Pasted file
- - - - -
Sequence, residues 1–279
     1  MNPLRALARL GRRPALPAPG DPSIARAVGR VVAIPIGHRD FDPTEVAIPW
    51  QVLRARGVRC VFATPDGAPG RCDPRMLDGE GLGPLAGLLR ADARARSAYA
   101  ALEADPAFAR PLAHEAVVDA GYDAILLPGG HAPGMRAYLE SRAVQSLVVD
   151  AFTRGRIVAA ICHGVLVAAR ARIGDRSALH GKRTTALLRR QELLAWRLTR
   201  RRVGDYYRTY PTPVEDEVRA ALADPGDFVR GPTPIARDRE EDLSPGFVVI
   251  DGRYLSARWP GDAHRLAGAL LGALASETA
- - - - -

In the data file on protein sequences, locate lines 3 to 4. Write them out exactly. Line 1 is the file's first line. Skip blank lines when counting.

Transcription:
    51  QVLRARGVRC VFATPDGAPG RCDPRMLDGE GLGPLAGLLR ADARARSAYA
   101  ALEADPAFAR PLAHEAVVDA GYDAILLPGG HAPGMRAYLE SRAVQSLVVD